Interview with Alexander Michels

Patrick has interviewed Alexander Michels (AM), from the Linus Pauling Institute at the Oregon State University and find out what he had to say below: 

PH: We really wanted to understand why the RDA/RNI that is this sufficient for older people in care homes?

AM: Unfortunately, we have no idea if the RDA/RNI is sufficient for older people regardless of their living situation. The studies that were done to establish the most recent recommendations were performed in young, healthy adults. Until someone does these studies with older adults and older adults with underlying conditions, we’ll never know what amount of vitamin C is adequate in older adults.

AM: Dietary recommendations (RDA/RNI) are not set in hopes of achieving optimum status. They are set in such fashion as to minimize risk of micronutrient deficiencies. This is completely different than promoting health outcomes. There are several nutrients, including vitamin C, that should be consumed in excess of current government recommendations, to promote better health and optimize nutrition status.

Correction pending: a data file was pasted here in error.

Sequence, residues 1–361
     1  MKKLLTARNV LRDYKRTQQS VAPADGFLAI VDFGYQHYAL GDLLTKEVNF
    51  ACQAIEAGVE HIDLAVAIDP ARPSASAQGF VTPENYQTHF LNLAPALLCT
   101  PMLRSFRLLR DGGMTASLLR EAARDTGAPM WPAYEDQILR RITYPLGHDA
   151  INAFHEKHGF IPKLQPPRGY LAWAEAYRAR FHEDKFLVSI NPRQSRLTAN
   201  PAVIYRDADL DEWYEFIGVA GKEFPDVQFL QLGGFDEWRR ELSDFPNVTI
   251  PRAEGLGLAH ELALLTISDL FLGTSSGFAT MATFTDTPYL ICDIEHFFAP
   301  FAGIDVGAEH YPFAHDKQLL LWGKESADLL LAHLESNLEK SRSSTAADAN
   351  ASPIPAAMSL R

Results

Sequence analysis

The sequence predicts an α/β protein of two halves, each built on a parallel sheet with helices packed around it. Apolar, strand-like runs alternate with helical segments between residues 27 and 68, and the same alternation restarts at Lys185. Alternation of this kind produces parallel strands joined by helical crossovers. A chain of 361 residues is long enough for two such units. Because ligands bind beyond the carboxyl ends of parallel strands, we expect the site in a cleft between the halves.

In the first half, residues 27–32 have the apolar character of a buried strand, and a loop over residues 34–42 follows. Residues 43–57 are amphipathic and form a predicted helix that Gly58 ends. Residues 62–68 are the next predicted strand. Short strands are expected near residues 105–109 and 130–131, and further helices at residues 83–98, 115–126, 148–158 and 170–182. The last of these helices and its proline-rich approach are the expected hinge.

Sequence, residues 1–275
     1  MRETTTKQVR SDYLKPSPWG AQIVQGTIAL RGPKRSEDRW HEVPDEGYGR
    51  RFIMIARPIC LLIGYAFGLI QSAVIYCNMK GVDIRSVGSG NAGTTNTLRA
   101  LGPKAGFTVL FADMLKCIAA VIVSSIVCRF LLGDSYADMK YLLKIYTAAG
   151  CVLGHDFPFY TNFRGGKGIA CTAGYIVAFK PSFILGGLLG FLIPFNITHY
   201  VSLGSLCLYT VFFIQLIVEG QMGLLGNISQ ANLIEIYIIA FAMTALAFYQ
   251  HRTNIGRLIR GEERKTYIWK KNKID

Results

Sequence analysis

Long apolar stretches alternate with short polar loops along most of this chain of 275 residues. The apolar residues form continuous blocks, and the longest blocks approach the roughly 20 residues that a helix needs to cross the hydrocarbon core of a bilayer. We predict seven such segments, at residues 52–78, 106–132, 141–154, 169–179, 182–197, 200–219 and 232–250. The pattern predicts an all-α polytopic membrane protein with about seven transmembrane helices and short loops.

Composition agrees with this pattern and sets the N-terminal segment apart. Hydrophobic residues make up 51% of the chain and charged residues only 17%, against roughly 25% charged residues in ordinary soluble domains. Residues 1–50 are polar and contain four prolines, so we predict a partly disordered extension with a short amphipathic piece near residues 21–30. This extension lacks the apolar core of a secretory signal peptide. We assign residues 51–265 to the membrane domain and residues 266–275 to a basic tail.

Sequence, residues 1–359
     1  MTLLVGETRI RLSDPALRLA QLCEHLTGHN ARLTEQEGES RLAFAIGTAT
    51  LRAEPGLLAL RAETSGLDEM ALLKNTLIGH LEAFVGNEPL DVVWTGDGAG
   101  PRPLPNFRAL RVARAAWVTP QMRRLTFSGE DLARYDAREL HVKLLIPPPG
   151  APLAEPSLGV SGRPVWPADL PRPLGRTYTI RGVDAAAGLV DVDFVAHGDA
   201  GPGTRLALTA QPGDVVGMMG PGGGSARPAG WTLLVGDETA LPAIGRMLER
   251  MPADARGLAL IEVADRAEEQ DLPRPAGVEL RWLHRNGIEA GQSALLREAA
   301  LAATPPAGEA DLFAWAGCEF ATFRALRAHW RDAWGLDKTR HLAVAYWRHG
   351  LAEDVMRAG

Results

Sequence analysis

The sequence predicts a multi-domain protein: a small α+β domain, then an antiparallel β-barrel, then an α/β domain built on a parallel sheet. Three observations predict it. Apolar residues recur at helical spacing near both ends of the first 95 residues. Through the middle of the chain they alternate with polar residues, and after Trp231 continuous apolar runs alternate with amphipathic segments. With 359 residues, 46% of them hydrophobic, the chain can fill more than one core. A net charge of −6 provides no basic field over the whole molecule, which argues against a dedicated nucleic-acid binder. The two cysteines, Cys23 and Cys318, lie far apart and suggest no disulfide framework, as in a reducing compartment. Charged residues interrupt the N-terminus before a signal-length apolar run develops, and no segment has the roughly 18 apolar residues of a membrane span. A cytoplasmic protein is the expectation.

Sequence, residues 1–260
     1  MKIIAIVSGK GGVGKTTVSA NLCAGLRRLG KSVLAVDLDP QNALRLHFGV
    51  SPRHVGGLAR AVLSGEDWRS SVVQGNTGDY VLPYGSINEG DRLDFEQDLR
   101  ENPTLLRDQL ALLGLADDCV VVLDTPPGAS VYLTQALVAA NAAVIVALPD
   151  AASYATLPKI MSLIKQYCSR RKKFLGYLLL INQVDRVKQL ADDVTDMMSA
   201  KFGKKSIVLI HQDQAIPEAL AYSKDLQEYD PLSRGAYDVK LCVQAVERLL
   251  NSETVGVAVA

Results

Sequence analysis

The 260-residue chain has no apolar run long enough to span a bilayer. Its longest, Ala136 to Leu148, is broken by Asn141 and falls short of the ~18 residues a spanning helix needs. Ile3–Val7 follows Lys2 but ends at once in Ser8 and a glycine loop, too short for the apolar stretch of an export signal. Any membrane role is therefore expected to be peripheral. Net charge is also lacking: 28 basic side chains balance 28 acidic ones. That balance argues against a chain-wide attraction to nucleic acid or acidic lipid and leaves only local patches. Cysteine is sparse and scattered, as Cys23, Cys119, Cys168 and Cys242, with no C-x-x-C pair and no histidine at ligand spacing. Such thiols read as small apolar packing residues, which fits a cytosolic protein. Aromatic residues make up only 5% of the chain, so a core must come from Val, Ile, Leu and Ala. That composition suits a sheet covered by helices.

PH: How does one establish an older person’s vitamin C need?

AM: In order to establish vitamin C needs in older adults, you have to first define what you mean by “need”. Very little vitamin C is needed to prevent scurvy, but much more is required to lower risk of chronic disease. Even more is required to maximize the antioxidant protection of vitamin C in the body.

Circulating levels of vitamin C are reduced by the presence of oxidants. Older adults are under heightened oxidative stress even in the absence of any co-morbidities. Chronic diseases and the use of pharmaceuticals, both increasingly more common as we age, can increase the amount of oxidative stress in the body and lead to a depletion of vitamin C levels in the body.